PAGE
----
This is a narrow constriction in a ring of superconductor. Current can only move around the ring because of quantum laws; the apparatus provides a neat way to investigate the properties of quantum mechanics and is a technology to build qubits for quantum computers.
SHORTLISTED | Quantum Shorts 2022
Using old-school visual effects techniques, Director Kevin Lucero Less creates a metaphor for the arrow of time in this abstract short film. Through a macroscopic lens, the increase of entropy is observed in real time.
At the microscopic level, the direction of the arrow of time is less obvious. For more about the kind of research being done at the intersection of quantum physics and thermodynamics, read this piece by Quanta Magazine: https://www.quantamagazine.org/the-universal-law-that-aims-times-arrow-20190801/
Please tell us about yourself.
My name is Kevin Lucero Less. I'm a writer, producer, director, actor, cinematographer, editor, music composer, and special effects coordinator. My professional disciplines span equally between: film, theatre, painting and photography.
How did you come up with the idea for your film?
The film was inspired by time and its place within the wonder and beauty of the cosmos of which we are infinitely surrounded. It also relates to entropy – the second law of thermodynamics states that entropy always increases with time. In the film, we observe this in real-time as a minute measurement of pure warm ink is dropped into a magnum body of cold water.
What is the quantum inspiration?
It comes from the question: Why does time pass? In the macroscopic world, the arrow of time advances. But in the microscopic world, when for example, you magnify to the level of one molecule colliding and bouncing off another, the arrow of time disappears. It would not be apparent which way was forwards and which backward. This was something first appreciated by the Austrian physicist-philosopher Ludwig Boltzmann.
What makes you interested in quantum physics?
I have always been interested in quantum physics and the attempt to measure the building blocks of our natural universe. I’m intrigued by the “code” cloaked within energy, how it works, and more mysterious – what is its origin? It’s as if the universe was created by an ingenious hand, where nothing is arbitrary.
Please share with us an interesting detail about you how made the movie.
The film was produced by implementing old-school practical effect techniques, such as the cloud tank shot, made famous by artist Douglas Trumbull. This technique was key on such films as Raiders of the Lost Ark (1981) and Poltergeist (1982). This consists of, in my case, a large aquarium filled with cold tap water, flanked by several lights, some using kinetic actions. Warm ink was applied to the surface of the tank with an eyedropper, creating a composition of positive and negative space. Vintage 1970’s Nikon F lenses were used to film the tank, such as the 50mm f1.4 and the 105mm f2.5, Non-AI.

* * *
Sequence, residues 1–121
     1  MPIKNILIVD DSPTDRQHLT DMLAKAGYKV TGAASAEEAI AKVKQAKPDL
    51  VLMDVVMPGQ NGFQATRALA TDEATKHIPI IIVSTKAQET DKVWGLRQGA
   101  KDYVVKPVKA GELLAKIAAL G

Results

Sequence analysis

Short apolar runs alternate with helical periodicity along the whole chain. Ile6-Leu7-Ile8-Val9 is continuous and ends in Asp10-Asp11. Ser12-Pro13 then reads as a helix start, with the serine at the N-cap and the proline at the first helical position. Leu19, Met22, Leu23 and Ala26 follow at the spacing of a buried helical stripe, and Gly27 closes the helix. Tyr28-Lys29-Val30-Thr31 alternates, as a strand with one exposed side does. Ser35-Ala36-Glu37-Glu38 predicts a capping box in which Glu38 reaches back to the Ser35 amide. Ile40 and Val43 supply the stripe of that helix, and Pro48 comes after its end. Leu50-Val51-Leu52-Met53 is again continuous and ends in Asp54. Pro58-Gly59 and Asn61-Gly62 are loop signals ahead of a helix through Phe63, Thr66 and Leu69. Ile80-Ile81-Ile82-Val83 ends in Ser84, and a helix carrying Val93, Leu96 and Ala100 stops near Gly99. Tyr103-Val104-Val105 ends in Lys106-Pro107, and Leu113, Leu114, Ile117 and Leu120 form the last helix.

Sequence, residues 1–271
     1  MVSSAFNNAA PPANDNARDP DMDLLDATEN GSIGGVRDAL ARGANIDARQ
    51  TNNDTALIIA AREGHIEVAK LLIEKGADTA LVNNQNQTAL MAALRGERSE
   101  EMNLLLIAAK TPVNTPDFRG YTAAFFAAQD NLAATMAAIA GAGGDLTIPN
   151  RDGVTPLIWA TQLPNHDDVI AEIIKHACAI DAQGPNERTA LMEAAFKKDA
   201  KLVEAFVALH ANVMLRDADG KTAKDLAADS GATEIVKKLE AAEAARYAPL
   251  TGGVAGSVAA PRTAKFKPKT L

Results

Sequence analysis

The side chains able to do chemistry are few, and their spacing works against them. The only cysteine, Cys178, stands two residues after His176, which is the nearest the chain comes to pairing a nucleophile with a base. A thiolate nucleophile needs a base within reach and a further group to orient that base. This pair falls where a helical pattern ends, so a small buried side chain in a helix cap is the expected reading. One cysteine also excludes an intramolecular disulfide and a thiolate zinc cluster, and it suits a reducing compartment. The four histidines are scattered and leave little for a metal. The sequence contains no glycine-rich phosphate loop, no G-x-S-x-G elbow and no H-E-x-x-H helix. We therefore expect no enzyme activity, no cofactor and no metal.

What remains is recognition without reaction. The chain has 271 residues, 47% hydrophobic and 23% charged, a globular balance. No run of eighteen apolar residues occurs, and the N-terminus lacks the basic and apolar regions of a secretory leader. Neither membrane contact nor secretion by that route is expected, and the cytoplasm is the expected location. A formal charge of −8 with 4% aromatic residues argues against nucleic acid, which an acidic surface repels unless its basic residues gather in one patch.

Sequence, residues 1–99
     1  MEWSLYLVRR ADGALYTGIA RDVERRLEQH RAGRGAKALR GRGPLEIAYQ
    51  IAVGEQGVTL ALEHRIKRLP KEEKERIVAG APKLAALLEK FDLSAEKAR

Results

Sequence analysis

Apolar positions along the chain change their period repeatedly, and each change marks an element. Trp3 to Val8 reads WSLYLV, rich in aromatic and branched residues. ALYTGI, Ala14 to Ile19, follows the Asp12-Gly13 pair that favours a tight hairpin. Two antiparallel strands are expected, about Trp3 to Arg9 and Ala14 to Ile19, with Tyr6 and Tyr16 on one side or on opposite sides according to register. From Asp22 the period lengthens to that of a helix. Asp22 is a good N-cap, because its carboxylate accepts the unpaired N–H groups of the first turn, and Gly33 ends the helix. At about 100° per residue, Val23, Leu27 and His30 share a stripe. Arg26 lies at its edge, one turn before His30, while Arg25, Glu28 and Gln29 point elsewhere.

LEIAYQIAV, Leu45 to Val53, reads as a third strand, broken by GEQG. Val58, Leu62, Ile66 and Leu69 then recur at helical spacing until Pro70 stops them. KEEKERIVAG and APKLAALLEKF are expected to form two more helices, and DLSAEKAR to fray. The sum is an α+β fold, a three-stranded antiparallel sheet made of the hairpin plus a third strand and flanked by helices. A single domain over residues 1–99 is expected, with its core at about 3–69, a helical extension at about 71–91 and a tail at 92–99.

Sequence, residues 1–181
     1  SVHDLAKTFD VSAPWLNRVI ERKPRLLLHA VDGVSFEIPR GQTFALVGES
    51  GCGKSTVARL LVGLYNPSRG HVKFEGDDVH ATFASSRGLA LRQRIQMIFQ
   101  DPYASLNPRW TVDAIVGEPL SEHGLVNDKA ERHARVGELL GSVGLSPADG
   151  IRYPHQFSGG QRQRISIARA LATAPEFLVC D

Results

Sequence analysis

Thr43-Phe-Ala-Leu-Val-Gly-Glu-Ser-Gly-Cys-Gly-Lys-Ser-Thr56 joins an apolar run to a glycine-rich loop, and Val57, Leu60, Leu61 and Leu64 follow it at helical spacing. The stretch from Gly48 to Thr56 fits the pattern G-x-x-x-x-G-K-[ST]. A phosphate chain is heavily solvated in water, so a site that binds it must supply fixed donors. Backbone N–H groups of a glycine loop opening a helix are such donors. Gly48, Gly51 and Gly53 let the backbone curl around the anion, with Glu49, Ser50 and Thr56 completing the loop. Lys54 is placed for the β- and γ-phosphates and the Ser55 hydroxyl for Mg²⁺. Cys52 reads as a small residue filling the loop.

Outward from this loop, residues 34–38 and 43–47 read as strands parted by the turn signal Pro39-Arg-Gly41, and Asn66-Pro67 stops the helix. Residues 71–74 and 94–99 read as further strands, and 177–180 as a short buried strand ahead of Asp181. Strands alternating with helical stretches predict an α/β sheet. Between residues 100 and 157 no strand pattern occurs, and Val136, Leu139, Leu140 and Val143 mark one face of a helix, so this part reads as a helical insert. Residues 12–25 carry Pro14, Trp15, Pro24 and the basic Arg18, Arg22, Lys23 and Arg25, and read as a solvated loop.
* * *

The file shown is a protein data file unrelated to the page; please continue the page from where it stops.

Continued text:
What reaction do you hope for from viewers?
I hope they enjoy the film and find it beautiful in technique and concept. As it is an abstract art piece, I wish for the viewer to bring their own answers and sensibilities to a satisfying conclusion.
What is your favourite science-inspired or sci-fi movie?
Stanley Kubrick’s 2001: A Space Odyssey (1968), Andrei Tarkovsky’s Solaris (1972), Panos Cosmatos’ Beyond the Black Rainbow (2010), and Jonathan Glazer’s Under the Skin (2013).
What does being a Quantum Shorts finalist mean to you?
Being selected as a Quantum Shorts finalist is a great honour. I’m so very grateful for this opportunity. Honestly, when I submitted my film, I was not expecting a positive response due to the experimental, abstract – non-conventional – presentation of the concept. Thank you so much for the chance at a global audience.
Kevin Lucero Less is a multi-Award-winning artist / actor / filmmaker, whose films have been included in hundreds of international film festivals – including Sundance and Sundance Institute at BAM. His works are included in several Art Museum Permanent Collections – including The Tucson Museum of Art, University of Iowa Museum of Art, and MOCA Tucson. He has been published in dozens of magazines and books – including Travel + Leisure, Studio Visit, and New American Paintings. His films have been exhibited in several International Museums and Art Festivals – including The New Museum of Modern Greek Culture, Museum of Modern Art Buenos Aires, and Burning Man Festival.